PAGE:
Shortly after I arrived for what would prove to be a glorious summer living, working and partying in Hawaii as a 19-year-old, a mostly Polynesian co-worker at the airport car-rental lot warned me, “If you are driving at night and see a lady in a white dress alongside the road, don’t pick her up.”
Years later, when I got around to investigating the urban legend, I discovered it was bum advice. Pele, Hawaii’s goddess of fire, is the lady in white, and you are supposed to give her a ride because she will disappear as you drive off but leave behind good luck.
There are similar apparition legends around the planet, including in Taiwan, where “The Little Girl in Red” has been spun into two successful horror films. The Tag-Along, which premiered in November 2015, became the island nation’s best-selling horror film. The Tag-Along 2, which was released last August, not only surpassed its prequel at the Taiwanese box office, but it also became the top domestic hit of 2017.
It arrived here Feb. 6 on digital and on demand and is to be released April 3 on DVD in the States.
Having not seen The Tag-Along before being offered the opportunity to watch the sequel, I accepted an offer to take in both from Cinedigm, which is distributing them in America. The Tag-Along 2 stands on its own, although if you do see the two films in order, you will better appreciate the struggle of Shen Yi-chun (Hsu Wei-ning), who appears in both.
In The Tag-Along, Yi-chun is a modern, liberated radio personality who resists the idea of settling down with her boyfriend, Ho Chih-wei (River Huang). That’s largely because of her lack of desire to have children and her property-agent boyfriend’s clinginess to his live-in grandmother, Ho Wen Shu-fang (Liu Yin-shang), whom Yi-chun is convinced hates her.
One day, Grammy disappears, but her domestic duties—laundry, house cleaning, meal making—mysteriously continue to get done. As Chin-wei tries desperately to find Shu-fang, he discovers on video from a neighbor’s camera that while the grandmother was on a hike, she was being trailed by a little girl dressed in red. Later, on home-security footage, a similar-looking young figure is seen leading Shu-fang out of her yard.
But suddenly, Grandma returns, and Chin-wei goes missing. That sends Yi-chun on a search that leads her to the Red Forest in the nearby mountains, “The Little Girl in Red” legend and the horrors that accompany both. I won’t give away The Tag-Along’s ending but will note a sonogram image that pops up during the end credits sets up The Tag-Along 2.
The sequel begins by focusing on different characters. Li Shu-fen (Rainie Yang) is a social worker who discovers during a welfare check that a mysterious woman is hiding her young daughter. Lin Mei-hua (Francesca Kao) and her little girl are covered with spells written on their skin, and the mother screams bloody murder—as in that’s what will happen to her daughter—when Shu-fen forcibly separates them.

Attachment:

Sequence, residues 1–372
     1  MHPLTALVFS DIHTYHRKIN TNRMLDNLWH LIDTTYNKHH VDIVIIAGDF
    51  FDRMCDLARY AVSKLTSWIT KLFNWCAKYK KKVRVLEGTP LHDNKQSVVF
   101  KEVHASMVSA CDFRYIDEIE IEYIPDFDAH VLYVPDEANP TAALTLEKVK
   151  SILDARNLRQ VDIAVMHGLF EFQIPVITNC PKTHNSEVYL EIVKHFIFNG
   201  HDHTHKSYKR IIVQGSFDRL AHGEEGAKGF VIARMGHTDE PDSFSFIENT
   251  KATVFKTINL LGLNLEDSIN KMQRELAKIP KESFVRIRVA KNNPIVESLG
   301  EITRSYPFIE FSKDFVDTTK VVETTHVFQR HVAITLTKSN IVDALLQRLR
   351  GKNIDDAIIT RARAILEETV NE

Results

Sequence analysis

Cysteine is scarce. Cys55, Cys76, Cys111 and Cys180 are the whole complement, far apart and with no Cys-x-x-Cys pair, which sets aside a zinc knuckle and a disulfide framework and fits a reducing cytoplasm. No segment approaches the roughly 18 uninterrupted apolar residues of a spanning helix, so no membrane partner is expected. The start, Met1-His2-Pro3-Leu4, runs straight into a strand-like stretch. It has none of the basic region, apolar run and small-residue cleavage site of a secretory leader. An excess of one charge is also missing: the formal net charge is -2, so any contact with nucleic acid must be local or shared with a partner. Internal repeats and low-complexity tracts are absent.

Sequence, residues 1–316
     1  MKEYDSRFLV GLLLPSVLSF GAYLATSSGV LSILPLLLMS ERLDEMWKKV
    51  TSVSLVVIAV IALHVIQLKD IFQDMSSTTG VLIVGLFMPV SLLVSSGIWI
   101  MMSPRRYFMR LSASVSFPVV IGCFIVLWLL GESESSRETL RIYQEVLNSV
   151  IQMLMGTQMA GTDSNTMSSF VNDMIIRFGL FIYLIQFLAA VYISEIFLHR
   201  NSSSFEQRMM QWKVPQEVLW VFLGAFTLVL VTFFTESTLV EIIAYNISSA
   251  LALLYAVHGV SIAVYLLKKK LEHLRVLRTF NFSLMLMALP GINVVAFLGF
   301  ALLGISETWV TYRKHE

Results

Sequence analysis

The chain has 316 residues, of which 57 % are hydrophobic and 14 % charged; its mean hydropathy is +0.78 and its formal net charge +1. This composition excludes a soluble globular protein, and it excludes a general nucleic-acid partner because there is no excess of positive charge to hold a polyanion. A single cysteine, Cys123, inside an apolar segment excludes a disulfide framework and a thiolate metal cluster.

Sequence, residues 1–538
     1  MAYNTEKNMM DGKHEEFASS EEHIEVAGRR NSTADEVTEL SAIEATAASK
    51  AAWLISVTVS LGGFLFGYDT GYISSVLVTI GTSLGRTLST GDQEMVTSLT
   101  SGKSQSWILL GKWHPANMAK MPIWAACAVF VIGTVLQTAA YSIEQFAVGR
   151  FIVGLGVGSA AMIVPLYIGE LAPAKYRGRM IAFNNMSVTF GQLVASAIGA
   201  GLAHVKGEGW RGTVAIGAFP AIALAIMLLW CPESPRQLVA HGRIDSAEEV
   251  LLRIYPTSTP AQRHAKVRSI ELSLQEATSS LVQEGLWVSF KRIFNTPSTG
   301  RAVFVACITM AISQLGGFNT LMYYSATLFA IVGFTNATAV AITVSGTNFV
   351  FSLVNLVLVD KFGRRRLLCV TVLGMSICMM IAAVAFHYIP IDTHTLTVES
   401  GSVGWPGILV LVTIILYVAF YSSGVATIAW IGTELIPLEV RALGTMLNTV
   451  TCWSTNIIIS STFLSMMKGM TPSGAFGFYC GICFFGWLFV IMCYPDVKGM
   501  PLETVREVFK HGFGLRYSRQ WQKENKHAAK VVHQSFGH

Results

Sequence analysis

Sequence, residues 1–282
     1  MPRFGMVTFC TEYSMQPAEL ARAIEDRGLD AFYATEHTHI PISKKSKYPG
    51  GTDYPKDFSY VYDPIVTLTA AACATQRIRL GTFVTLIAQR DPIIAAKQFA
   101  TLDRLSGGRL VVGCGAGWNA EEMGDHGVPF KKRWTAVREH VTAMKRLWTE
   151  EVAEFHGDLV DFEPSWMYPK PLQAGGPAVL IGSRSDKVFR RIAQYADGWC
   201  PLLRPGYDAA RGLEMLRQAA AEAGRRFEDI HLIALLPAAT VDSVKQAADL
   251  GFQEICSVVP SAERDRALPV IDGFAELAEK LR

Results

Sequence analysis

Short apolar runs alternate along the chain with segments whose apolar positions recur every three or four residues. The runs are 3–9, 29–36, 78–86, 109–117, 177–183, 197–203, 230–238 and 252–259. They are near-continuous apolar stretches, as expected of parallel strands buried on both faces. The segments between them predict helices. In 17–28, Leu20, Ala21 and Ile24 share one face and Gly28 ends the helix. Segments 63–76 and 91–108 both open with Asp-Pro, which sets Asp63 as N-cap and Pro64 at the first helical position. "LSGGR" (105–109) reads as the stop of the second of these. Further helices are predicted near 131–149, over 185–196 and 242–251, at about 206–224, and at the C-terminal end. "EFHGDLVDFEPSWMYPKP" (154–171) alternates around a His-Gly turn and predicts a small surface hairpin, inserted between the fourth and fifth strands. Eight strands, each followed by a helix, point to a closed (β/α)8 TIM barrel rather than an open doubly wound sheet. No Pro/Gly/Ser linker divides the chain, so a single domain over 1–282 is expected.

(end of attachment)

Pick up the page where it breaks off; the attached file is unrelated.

She later discovers her own daughter, teenager Li Ya-ting (Ruby Chan), is pregnant, giving the mother two mysteries to solve: Who is the daddy, and what’s up with Mei-hua, her kid and the body art? That’s soon followed by a third mystery: Where did Ya-ting disappear to?
The mother’s search takes her to the mountains, where she discovers dad-to-be Lin Chun-kai (Wu Nien-hsuan). At least he already has a job: As the Tiger Lord, he writhes around on all fours like a bloodhound, uncovering metaphysical clues—and one of Ya-ting’s shoes. That leads Shu-fen to an abandoned hospital, the pregnant and formerly missing Yi-chun (’member her from the prequel?), and the sad news that Chin-wei and Shu-fang had died.
A babbling mess when Shu-fen meets her, Yi-chun will join with Mei-hua to help Shu-fen find Ya-ting at—where else?—the Red Forest.
The casts of both films make the worldly and otherworldly believable. In these #MeToo, Time’s Up, post-Weinstein days, it’s refreshing to see the three main characters of The Tag-Along 2 are women, and none is called upon to be a sex symbol. It helps that the actors have, in Cheng Wei-hao, a director who in both films expertly amps up the human emotion, supernatural surprises and assorted freakiness. Credit also the imaginative scripts from Chien Shih-keng, who got an assist from co-writer Yang Wan-ju on the prequel.
Perhaps the most frightening thing of all are the true-life incidents that informed the movies. In 1998 Taichung, a family looking at video of a relative who had since died saw that person being followed by a little girl in red. The family member who provided a TV station with the video died shortly thereafter in a car crash. That same year in the same area, a driver followed a little girl in red, but she suddenly disappeared in heavy mountain fog. The driver almost careened off a cliff after a sharp turn. A massive search was launched in Hualien in 2014, when an 80-year-old woman went missing during a trip. Found under a giant rock five days into the search, the woman explained she had been taken there by a little girl in red.
Keep your good luck; I ain’t picking up anybody.
The Tag-Along 2 was directed by Cheng Wei-hao; written by Chien Shih-keng; and stars Rainie Yang, Francesca Kao and Hsu Wei-ning. Now available on iTunes, Amazon, other digital platforms and cable-TV on-demand.